This presentation was as frustrating for me as it probably was for the presenters, Mark Ramm and Ben Bangert. Unfortunately the examples for the first part of the tutorial relied on having up to date copies of lots of packages, and the audience were unable to download them from the Internet as the hotel staff appeared to be having some difficulty connecting 500 geeks to the fat Internet pipe through their wireless infrastructure, and connectivity was extremely intermittent.
Things went from bad to worse when I finally managed to download the required software from the Internet and found that my examples failed: it turned out that only the presenters' machines had the necessary combination of packages. Consequently a lot of the first hour was wasted in trying to organize a thumb-drive bucket-brigade to ensure that all present had the needed stuff loaded. I can understand Mark's anxiousness to present the latest and greatest TurboGears to the audience, but I was there primarily because I wanted to get back into the technology so as to be able to make fair comparisons with Django.
While we were trying to get the load problems sorted out, mark talked about the WSGI interface and its role as a standard in the Python web world. He then talked us through a couple of practical applications, and I ended up with a simple server working based on the reference implementation, wsgiref. We then implemented the same functionality using cherrypy.wsgiserver, observing that the fundamental techniques weren't particularly different. The third exercise didn't actually add much for me, since we just had to get the existing servers to replace the initial output with a listing of the environment dictionary.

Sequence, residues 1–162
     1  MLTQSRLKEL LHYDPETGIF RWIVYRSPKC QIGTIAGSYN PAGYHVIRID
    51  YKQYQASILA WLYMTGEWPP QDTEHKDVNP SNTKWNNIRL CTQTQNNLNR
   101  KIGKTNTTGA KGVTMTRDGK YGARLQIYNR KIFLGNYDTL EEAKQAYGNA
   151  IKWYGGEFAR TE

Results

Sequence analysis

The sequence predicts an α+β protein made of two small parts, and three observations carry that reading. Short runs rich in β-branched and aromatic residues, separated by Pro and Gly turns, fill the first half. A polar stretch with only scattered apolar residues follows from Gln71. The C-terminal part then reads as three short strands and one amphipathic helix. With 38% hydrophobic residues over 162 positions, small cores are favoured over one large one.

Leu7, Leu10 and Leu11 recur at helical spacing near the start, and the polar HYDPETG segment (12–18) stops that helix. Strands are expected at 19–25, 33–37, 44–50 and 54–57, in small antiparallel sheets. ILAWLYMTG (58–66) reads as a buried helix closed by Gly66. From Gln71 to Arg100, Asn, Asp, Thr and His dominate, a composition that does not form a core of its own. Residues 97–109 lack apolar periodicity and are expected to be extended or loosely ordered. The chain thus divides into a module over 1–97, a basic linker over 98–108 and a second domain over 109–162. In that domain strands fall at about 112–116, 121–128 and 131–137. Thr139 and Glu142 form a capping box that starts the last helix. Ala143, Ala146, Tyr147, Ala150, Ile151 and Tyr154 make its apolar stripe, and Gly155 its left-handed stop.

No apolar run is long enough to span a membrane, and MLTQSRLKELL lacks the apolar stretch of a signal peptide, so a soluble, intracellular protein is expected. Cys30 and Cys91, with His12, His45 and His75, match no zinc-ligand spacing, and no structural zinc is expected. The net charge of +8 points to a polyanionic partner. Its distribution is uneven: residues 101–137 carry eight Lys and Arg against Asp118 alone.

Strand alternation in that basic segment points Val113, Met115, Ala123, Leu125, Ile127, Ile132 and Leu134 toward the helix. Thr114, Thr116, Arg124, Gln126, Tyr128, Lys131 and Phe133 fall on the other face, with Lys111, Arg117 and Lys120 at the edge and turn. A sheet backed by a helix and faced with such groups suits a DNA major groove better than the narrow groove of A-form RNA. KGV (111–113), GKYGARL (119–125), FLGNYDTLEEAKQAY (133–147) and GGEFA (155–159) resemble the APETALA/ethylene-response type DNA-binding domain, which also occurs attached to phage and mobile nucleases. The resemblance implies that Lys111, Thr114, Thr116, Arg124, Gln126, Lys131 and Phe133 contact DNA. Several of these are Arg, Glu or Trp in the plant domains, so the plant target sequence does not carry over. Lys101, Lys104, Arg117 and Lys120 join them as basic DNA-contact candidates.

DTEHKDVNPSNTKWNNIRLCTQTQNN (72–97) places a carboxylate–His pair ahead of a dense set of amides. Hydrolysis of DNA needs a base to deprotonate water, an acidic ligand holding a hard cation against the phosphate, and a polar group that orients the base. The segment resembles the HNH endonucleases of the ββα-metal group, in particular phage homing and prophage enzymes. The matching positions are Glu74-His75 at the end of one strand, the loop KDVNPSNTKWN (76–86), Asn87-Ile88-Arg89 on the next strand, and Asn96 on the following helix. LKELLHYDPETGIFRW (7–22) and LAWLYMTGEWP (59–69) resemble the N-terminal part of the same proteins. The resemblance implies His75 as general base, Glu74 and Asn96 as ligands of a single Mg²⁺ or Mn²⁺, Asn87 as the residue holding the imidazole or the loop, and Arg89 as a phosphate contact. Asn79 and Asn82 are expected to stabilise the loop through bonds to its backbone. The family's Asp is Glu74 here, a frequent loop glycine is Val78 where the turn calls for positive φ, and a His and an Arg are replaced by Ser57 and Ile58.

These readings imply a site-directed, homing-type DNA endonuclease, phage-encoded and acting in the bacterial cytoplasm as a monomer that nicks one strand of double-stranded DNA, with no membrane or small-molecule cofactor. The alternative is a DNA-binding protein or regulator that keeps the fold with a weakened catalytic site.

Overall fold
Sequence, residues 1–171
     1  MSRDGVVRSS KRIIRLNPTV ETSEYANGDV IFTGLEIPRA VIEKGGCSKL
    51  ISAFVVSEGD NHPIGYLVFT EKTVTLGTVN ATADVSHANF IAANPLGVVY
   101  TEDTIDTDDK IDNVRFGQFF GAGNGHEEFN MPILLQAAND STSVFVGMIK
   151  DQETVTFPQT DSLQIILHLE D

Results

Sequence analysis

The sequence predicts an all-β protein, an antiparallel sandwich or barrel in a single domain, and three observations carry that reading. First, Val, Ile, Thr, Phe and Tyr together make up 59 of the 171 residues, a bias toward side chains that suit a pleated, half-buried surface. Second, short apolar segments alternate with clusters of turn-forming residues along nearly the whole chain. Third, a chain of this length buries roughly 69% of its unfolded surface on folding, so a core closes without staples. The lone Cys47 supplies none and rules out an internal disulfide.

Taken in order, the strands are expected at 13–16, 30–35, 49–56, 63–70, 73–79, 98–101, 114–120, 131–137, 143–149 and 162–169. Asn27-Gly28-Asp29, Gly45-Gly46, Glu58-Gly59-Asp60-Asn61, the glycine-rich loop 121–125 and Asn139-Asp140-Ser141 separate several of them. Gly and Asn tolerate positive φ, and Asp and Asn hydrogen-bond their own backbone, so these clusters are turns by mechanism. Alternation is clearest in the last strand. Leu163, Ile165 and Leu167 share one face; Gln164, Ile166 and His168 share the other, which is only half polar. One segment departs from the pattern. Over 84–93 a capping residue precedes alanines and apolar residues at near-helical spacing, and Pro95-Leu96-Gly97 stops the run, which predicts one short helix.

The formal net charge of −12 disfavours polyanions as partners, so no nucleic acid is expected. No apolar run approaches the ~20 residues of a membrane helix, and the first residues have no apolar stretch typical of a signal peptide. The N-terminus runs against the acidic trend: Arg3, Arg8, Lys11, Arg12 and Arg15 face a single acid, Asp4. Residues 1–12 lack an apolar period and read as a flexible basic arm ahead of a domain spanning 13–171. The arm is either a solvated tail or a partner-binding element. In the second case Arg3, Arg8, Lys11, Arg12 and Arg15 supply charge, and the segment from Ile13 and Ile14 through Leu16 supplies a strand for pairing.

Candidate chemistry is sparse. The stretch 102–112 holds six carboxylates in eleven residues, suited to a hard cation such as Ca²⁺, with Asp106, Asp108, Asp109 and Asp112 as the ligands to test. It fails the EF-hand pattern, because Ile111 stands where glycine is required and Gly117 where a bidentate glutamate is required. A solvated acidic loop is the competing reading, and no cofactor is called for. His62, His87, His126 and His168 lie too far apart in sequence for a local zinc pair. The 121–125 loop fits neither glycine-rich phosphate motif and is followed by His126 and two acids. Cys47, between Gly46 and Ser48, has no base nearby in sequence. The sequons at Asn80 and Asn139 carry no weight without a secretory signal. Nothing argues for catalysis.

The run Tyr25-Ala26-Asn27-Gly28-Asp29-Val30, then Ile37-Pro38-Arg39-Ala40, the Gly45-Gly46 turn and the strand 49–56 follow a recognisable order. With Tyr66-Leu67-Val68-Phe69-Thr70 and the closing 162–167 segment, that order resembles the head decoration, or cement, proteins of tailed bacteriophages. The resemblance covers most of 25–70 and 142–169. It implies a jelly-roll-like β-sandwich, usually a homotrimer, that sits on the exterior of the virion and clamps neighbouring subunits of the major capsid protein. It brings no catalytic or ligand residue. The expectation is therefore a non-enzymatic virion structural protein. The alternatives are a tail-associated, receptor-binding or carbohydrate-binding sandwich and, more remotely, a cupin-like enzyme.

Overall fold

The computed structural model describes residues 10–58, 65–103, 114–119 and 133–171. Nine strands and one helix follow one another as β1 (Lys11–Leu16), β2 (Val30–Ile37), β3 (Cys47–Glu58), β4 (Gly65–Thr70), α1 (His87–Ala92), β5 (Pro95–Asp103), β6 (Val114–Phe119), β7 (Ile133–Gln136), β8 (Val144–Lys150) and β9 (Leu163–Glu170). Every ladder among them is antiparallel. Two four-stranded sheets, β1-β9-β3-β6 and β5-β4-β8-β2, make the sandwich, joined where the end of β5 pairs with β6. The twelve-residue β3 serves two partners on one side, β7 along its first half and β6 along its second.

Then we moved on to TurboGears. Alas, I ended up typing in code from the handout while Mark was explaining the supporting functionality, and when all was said and done I didn't notice a lot that was new in terms of how you put a TurboGears application together. In one way this is very good, because it means that the TG re-implementation has retained the same API that its developers have become familiar with; in another it's bad, because I didn't feel I actually learned all that much as someone who had already put TG applications together, albeit small ones. Much of what was said was narrative about the state of the software rather than directed towards learning the technology. I didn't have the sample web finished, with nine pages remaining of the handout by the time Mark's part of the session was over.
Ben Bangert then proceeded to explain the differences in philosophy between TurboGears and Pylons. I'm sorry to say that my experience on the first rather-more-than-half of the tutorial left me unable to concentrate sufficiently, and I didn't absorb as much as I would have liked. I don't remember any practical work at all, and I didn't end up with a handout, but I don't know whether I missed it or what.
This was the first of a matched pair of tutorials, the second discussing advanced use of TG and Pylons. I didn't attend it because I was booked on something else in the evening session, so I hope that those who did found that this tutorial had provided them with the necessary background.